Mediterranean Diet May Cut Diabetes Risk

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Harvard Medical School

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Mediterranean Diet May Cut Diabetes Risk

News Review From Harvard Medical School

January 7, 2014

News Review From Harvard Medical School -- Mediterranean Diet May Cut Diabetes Risk

Eating a Mediterranean-style diet may reduce the risk of diabetes, a new study suggests. The study included more than 3,500 older adults who were at high risk of heart disease. They were randomly divided into 3 groups. Two groups followed a Mediterranean-style diet. This type of diet is high in fruits, vegetables, fish, nuts, olive oil, beans and legumes. It is low in red meat and dairy. One Mediterranean-diet group added extra olive oil to the diet. The other group added extra mixed nuts. The third group followed a high-carbohydrate, low-fat diet. In the next 4 years, people on the Mediterranean-style diet were less likely to develop diabetes than those in the high-carb, low-fat group. Risk was 40% lower for the extra-oil group and 18% lower for the mixed-nuts group. The journal Annals of Internal Medicine published the study online. People in this study were not instructed to increase exercise or cut calories. But those steps might have lowered risk further, the journal's editor suggested to HealthDay News. Other research has shown that weight loss and exercise can reduce the risk of diabetes. HealthDay wrote about the study January 6.

 

By Howard LeWine, M.D.
Harvard Medical School

 

What Is the Doctor's Reaction?

During the last half of the 20th century, "fat is bad" was the theme of American advice on eating. A high-carb, low-fat diet was promoted as the best way to avoid heart disease. Now we realize that this was totally misguided.

A high-carb, low-fat diet does not lead to better health. In fact, it might have been one of the major factors leading to the high rate of obesity and diabetes we see today.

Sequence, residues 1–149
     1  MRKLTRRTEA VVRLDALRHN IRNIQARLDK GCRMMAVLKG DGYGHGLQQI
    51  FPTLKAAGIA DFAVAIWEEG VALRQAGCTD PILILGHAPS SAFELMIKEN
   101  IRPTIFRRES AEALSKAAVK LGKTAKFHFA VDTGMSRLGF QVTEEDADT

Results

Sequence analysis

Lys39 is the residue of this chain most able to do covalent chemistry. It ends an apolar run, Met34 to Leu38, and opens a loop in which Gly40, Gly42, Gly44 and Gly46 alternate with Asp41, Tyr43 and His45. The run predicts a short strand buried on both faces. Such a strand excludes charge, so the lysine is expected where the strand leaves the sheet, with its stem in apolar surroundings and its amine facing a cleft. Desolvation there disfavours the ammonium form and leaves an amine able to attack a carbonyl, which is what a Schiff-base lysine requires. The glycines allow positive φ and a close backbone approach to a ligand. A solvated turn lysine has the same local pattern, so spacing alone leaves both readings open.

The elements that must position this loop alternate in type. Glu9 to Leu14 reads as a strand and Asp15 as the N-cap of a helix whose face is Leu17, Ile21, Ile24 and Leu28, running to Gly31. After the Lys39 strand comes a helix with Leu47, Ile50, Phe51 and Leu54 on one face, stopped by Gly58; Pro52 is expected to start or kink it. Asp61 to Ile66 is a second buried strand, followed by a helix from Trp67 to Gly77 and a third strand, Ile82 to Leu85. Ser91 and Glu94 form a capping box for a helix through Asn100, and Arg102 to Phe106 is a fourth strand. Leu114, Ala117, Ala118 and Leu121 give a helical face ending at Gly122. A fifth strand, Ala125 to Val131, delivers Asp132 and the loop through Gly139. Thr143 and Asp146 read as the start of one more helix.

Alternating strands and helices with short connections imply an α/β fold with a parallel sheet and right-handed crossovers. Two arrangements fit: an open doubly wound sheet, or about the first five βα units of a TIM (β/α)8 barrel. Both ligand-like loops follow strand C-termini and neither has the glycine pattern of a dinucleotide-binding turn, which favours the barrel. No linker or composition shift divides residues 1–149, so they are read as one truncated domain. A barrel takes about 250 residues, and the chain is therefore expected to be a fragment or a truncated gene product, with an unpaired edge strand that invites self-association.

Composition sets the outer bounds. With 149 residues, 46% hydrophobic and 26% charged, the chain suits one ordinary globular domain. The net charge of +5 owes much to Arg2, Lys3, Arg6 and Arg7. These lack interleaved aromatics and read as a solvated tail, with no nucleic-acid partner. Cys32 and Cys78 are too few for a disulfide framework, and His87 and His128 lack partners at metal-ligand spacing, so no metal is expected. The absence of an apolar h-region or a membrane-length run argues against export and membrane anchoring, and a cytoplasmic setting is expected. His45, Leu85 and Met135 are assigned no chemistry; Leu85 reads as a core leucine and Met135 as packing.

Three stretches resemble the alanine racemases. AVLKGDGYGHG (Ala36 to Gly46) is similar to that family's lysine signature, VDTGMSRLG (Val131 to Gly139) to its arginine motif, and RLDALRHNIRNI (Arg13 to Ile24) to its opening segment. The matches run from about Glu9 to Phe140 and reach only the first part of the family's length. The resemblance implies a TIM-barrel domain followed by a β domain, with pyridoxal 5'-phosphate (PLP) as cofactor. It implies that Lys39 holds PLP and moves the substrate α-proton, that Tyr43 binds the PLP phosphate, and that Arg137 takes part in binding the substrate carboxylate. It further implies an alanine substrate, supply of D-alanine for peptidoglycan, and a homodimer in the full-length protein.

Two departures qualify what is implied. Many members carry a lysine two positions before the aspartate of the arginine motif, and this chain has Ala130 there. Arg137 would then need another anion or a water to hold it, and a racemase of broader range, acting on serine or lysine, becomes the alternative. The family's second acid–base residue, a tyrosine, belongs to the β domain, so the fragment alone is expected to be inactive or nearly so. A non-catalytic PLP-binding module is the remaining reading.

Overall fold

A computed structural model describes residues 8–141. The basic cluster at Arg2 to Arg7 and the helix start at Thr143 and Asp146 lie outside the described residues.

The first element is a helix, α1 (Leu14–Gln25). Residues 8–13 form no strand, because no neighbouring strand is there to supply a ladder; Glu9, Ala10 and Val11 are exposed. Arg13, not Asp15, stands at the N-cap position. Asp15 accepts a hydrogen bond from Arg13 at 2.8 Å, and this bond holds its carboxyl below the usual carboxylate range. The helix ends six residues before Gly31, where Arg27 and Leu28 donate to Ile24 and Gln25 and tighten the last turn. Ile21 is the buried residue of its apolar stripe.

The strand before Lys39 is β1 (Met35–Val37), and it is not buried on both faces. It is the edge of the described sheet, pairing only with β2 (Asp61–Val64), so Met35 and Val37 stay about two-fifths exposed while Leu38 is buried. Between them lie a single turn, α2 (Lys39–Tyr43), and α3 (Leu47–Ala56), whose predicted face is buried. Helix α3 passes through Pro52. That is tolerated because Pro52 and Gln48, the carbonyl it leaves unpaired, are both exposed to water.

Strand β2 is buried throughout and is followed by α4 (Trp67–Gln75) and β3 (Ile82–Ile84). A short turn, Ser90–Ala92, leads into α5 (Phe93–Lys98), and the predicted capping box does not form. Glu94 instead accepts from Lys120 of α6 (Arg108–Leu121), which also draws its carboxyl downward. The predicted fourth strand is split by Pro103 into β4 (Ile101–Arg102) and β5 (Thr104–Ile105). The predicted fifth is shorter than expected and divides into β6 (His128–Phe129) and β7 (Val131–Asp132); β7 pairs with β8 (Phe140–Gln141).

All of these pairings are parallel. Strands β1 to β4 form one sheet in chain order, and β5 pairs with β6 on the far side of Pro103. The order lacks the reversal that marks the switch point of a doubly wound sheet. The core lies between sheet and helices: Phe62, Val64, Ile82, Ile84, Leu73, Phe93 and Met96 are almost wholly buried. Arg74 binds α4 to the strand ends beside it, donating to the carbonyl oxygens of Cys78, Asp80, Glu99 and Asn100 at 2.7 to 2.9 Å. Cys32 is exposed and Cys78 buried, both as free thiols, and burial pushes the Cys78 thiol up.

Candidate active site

This report adds more evidence about how diet composition affects your risk of developing type 2 diabetes. The researchers used information gathered from a study started in October 2003. The study enrolled older adults who had a higher than average risk of heart disease. It compared the effects of 3 different diets:

  • A Mediterranean-style diet, supplemented with 3 to 4 tablespoons of extra-virgin olive oil daily
  • A Mediterranean-style diet, supplemented with 30 grams (1 ounce) of mixed nuts daily
  • A high-carb, low-fat diet with reduced intake of all types of fats

People were not told to restrict total calories, attempt weight loss or exercise more. When the groups were compared at the end of the study in December 2010, they had very similar average calorie intake, body weight and exercise time.

People who were assigned to the Mediterranean-style diet plus olive oil were 40% less likely to develop diabetes than those in the high-carb, low-fat group. The ones who ate a Mediterranean-style diet with extra mixed nuts also had a lower diabetes risk, but it was not as significant.

 

What Changes Can I Make Now?

There is no specific Mediterranean diet. These are the main components of a Mediterranean style of eating:

  • Four or more servings of vegetables a day. A serving is ½ cup of raw or cooked vegetables, 1 cup of raw leafy greens or ½ cup of vegetable juice.
  • Four or more servings of fruit a day. A serving is ½ cup of fresh, frozen or canned fruit; ¼ cup of dried fruit; one medium-sized piece of fruit; or ½ cup of fruit juice.
  • At least 3 to 4 tablespoons of olive oil a day.
  • One handful (about 1½ ounces) of nuts, 3 or more times per week.
  • Three or more servings of legumes (beans, peas and lentils) per week. A serving is ½ cup.
  • Six or more servings of whole grains a day. A serving is 1 cup of dry breakfast cereal; ½ cup of cooked cereal, brown rice or whole-grain pasta; or one slice of whole-grain or multi-grain bread.
  • Three or more servings of fish (especially fatty fish) a week. A serving is 4 ounces.
  • One serving of yogurt or cheese a day.
  • If you enjoy alcohol, limit yourself to 1 (for women) or 2 (for men) drinks a day. One drink is 5 ounces of wine, 12 ounces of beer or 1½ ounces of liquor.

Specifically avoid:

  • Soda and sugary drinks
  • Sweets, pastries and commercial bakery goods
  • Red and processed meats (eat white meats instead)
  • Margarines and most tub spreads

Other studies have suggested some people can lose more weight with a Mediterranean-style diet than with a low-fat diet at equal calorie counts. That did not occur in this particular study, however.

 

What Can I Expect Looking to the Future?

The takeaway from this study should not be just to eat a Mediterranean-style diet and forget about exercise and weight maintenance. Staying physically active and getting regular exercise still matter. And if you need to lose weight, cutting calories matters, too.

Last updated January 07, 2014


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